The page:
NBA Finals: Cleveland show value of the paint – and the true MVP

David Friedman Columnist

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    LeBron James and the Cavs have won the Championship. (Image: via ESPN)

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    The 67-15 Golden State Warriors were huge favorites over the Cleveland Cavaliers in the NBA Finals even before Cleveland’s All-Star guard Kyrie Irving suffered a season-ending knee injury in game one.

    Without Irving, it seemed impossible for Cleveland to win the series and perhaps even difficult for the Cavaliers to win a game.

    Now, Cleveland is up 2-1 over Golden State and, statistically speaking, the Cavaliers are the favorites to win the 2015 NBA championship.

    LeBron James is averaging 41.0 ppg — the most ever for the first three games of the NBA Finals — plus 12.0 rpg and 8.3 apg but he is shooting just .402 from the field.

    Irving has been replaced in the starting lineup by Matthew Dellavedova, an undrafted free agent whose bump and run defense has left 2015 NBA MVP Stephen Curry missing shots and shaking his head.

    Dellavedova has emerged as the point guard version of Dennis Rodman without the tattoos. Rodman used to get into players’ heads while also playing a physical style that disrupted his opponents and Dellavedova is employing similar tactics.

    As legendary Green Bay Packers Coach Vince Lombardi bellows in an oft-replayed sound bite, “What the hell is going on here?”

    To some extent it is foolish to make sweeping statements about a series that is not over and could be 3-0 either way if you change just a handful of key plays.

    So, if there are any definitive conclusions to be drawn we need to wait at least two more games to draw them.

    However, here are some things that we have learned during this series.

    The supposed small-ball, analytics-driven revolution only works if both teams agree to play that way. Cleveland’s size has killed Golden State in the paint, as noted by ABC analyst Doug Collins.

    In fact, it could be argued that Cleveland would have won games two and three more easily if Coach David Blatt did not stubbornly stick to his routine of limiting Timofey Mozgov’s fourth quarter minutes. The Warriors have no answer for Mozgov at either end of the court; on offense, he punishes the Warriors every time his defender tries to stop LeBron James from driving and on defense he has blocked and altered many shots.

    Post play is allegedly dead and NBA offenses are supposed to rely on layups or three pointers from drive and kick action but LeBron James has controlled this series for significant stretches by posting up. He either backs down his defender from the three point line or else just establishes post position and catches an entry pass.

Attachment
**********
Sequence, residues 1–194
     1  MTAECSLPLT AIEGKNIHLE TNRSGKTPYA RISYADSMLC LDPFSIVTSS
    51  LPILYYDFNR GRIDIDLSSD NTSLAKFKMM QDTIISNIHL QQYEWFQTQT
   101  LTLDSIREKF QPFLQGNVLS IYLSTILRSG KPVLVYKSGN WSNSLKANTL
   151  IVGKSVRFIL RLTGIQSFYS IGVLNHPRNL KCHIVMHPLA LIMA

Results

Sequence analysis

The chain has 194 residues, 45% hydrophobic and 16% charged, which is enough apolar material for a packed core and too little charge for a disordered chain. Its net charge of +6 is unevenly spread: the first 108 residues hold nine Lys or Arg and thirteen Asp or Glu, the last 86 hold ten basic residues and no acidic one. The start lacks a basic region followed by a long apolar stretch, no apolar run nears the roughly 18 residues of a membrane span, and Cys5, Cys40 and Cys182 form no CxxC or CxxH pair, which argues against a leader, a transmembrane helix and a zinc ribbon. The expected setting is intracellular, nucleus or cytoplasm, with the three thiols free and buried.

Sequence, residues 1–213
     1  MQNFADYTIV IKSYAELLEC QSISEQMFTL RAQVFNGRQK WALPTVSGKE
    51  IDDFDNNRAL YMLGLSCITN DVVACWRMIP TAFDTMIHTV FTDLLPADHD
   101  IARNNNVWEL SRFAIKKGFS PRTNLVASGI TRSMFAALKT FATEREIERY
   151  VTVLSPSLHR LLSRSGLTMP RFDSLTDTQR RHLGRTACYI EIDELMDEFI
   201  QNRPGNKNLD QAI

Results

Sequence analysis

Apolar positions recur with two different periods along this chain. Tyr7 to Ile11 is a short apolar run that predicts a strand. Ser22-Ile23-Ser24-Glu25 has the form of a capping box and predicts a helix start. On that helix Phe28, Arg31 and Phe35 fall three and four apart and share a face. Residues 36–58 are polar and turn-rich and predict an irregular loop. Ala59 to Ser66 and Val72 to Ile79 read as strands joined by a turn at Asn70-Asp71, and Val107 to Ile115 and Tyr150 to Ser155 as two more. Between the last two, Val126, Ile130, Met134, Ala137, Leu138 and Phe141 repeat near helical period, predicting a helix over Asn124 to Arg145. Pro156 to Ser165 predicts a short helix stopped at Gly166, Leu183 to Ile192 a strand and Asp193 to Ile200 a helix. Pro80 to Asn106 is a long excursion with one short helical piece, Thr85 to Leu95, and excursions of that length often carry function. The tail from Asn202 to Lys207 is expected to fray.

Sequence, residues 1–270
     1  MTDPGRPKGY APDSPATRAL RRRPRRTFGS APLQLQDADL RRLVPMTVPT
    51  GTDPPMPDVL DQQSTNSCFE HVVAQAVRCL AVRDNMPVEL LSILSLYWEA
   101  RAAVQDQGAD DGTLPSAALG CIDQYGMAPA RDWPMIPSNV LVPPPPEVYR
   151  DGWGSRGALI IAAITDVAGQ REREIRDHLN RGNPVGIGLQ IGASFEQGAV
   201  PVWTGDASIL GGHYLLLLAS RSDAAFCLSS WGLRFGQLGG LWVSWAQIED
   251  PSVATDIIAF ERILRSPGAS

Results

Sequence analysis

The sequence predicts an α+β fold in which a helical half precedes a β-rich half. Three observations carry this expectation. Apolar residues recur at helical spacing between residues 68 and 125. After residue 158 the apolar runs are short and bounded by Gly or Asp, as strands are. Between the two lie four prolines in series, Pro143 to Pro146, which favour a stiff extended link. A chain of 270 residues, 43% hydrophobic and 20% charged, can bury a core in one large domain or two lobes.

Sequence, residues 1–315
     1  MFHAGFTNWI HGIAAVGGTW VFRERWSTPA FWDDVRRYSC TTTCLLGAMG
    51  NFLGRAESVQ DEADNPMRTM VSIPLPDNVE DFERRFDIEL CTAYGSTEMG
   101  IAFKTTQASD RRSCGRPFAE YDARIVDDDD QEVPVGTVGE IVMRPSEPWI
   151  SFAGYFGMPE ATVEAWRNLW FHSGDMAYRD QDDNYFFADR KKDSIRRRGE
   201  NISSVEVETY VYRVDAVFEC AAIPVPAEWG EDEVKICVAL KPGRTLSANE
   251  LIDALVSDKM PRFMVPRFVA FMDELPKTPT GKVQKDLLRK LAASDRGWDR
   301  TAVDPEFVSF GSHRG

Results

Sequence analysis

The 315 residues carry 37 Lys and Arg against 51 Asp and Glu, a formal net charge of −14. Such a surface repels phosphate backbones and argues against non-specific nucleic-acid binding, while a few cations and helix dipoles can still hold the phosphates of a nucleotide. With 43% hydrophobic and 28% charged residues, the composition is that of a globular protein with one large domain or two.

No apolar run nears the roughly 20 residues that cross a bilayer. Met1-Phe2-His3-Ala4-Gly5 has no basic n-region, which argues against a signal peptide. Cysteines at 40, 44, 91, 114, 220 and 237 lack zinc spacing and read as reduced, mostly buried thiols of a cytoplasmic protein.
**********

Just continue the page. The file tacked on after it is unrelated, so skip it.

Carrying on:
Coming into this series, most commentators focused on talent — the talented players Golden State has and the talented players Cleveland is missing due to injury — but team defense and rebounding are more important than talent.

    Yes, LeBron James is having a superb series but he is not guarding all five Golden State players and he is not getting every rebound (though he is getting a lot of rebounds).

    This Cleveland team is similar to the much-maligned Cleveland team that James led to the NBA Finals in 2007; both squads had big front lines, played great defense and had players who could make timely shots when James forced the defense to trap him.

    Name brand talent is not as important as skill set considerations and how the skill sets of various players on a team mesh together. Cleveland’s 2007 team did not consist of a bunch of scrubs, nor is James going into battle now with a bunch of scrubs.

    In boxing, it is said that styles make fights. The teams that tried to outrun Golden State did not have the personnel to do.

    Memphis tried to slug it out with Golden State but Memphis is so inept offensively that the Warriors could just sag their defense into the paint and still win in a slow down game.

    Cleveland is not trying to outrun Golden State and Cleveland has better shooters than Memphis.

    Cleveland also has the best player in the world, which brings us to another point worth mentioning. Is it not obvious to everyone now that James should have won the 2015 MVP award? Stephen Curry is a great player but he can be stymied. James Harden’s gimmicky offense and lackluster defense will always cause his teams grief in the postseason.

    LeBron James can do things that no other NBA player can do, at both ends of the court.

    I know that the MVP is a regular season award but James has an unmatched skill set and he had a great regular season leading a team with a rookie coach and a roster being put together on the fly.

    The only way to justify not giving the award to him was by either valuing compelling narrative over skill set reality or by using so-called advanced basketball statistics to diminish James’ contributions.

    Isn’t it ironic that the narrative now is that we may be witnessing one of the greatest upsets in NBA Finals history, led by a player who is not playing efficiently and who is playing a style for which Kobe Bryant and Allen Iverson received tremendous criticism?

    Teams that hustle and play defense but do not have overwhelming offensive talent can go pretty far when led by an “inefficient” superstar who accepts the burden/responsibility of scoring 30-40 ppg.

    David Friedman
    David Friedman

    David Friedman has covered the NBA for more than a decade, and in doing so, has interviewed nearly two dozen members of the NBA's 50 Greatest Players List. You can find his work at 20SecondTimeout.

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